Content formatting and management are increasing requirements within the Confluence space. There are lots of great options currently available on DC and Server in the Marketplace, whether it's a solution that offers a suite of functionality as a bundle or one that offer a single individual functionality (the former are typically more expensive). The availability of these solutions however are less abundant on Cloud, understandable as Confluence Cloud is still growing. We therefore wanted to create a solution on Cloud that allows users to manage their content better and improve engagement. One of these is Tabs for Confluence, it allows the user to structure and segment long congested content into tabs, making it easy for the reader to navigate and consume.
What it does
Tabs for Confluence lets you structure your page into styled tabs so the content is organised, easy to use, and easy to digest. The intuitive design also ensures users can get started and make edits quickly.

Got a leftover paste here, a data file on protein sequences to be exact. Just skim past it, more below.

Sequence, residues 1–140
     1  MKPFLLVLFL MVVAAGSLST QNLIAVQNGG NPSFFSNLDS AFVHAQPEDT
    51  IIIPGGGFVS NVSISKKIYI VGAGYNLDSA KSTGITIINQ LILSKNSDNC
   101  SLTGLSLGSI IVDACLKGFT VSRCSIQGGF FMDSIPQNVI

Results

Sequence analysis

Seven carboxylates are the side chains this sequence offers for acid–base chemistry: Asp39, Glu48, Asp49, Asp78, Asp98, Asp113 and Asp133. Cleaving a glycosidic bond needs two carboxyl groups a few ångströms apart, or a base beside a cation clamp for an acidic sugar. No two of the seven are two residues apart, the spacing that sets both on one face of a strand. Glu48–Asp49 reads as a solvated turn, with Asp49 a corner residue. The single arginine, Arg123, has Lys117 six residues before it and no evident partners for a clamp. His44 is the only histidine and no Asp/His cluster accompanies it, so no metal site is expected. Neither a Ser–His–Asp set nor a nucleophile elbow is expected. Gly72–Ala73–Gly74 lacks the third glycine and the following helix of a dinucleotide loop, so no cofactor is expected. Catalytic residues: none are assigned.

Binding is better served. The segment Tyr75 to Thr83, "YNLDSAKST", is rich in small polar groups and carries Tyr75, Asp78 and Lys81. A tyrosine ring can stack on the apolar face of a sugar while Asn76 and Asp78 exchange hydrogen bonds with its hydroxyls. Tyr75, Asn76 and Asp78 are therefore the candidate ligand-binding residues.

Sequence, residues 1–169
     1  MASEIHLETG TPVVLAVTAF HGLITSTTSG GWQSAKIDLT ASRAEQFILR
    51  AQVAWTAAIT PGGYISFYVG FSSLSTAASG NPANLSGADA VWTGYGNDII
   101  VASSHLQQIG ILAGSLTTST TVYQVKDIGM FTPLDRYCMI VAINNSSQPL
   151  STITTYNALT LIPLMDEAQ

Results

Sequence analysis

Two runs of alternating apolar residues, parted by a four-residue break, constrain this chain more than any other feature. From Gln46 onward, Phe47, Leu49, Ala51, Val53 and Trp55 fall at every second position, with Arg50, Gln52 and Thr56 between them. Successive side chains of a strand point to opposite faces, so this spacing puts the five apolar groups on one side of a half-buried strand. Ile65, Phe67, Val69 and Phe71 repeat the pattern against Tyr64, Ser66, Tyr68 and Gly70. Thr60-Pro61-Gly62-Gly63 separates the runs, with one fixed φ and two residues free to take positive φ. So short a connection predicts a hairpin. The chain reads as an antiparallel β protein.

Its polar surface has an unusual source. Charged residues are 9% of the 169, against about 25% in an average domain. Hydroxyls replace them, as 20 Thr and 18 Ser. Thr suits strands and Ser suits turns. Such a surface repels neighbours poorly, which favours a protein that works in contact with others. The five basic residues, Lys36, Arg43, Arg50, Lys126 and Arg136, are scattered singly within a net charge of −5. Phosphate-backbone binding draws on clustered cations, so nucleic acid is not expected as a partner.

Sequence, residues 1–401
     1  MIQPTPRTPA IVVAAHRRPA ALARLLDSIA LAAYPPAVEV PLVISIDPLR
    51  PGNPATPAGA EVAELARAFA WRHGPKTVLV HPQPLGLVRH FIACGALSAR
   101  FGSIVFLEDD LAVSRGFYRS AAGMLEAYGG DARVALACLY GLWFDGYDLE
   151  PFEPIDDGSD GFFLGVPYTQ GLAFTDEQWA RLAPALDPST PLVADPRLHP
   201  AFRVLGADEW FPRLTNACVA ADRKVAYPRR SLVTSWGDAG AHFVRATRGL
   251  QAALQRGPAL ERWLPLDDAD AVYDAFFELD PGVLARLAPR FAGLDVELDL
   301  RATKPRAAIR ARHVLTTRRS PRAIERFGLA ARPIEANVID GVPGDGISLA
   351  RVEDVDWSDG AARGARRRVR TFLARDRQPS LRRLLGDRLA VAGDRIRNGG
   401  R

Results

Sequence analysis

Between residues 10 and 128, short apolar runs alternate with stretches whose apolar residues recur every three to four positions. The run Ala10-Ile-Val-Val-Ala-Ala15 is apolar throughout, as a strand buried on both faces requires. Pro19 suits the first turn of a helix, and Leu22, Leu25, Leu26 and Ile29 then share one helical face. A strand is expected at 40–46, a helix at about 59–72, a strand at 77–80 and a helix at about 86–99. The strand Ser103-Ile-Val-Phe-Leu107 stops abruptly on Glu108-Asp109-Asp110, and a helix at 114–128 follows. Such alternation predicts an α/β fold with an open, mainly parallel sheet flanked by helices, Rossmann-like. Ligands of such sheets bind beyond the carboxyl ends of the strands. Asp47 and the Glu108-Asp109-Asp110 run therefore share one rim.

How I built it
We initially built a base Confluence Cloud App before building the macros on top. These in general took a few days due to its complex functionalities. We also followed the provided Atlassian documentation https://developer.atlassian.com/cloud/confluence/getting-started/#step-4--create-a-basic-app.
Challenges I ran into
In general to develop a macro we faced the same issues. Each macro is self isolated in an iframe, so it is difficult to interact with the other macros and with the page itself: https://en.wikipedia.org/wiki/HTML_element#Frames Moreover Tabs is a rich-text macro. This means that Tabs is also responsible to render the nested macros.
What I learned
Better understanding of the Cloud infrastructure, iframes and how to handle them. New frameworks learned: Typescript, React, Redux, Webpack, Jest
Evaluate the perfomance on MPAC to provide continued value and benefits to customers.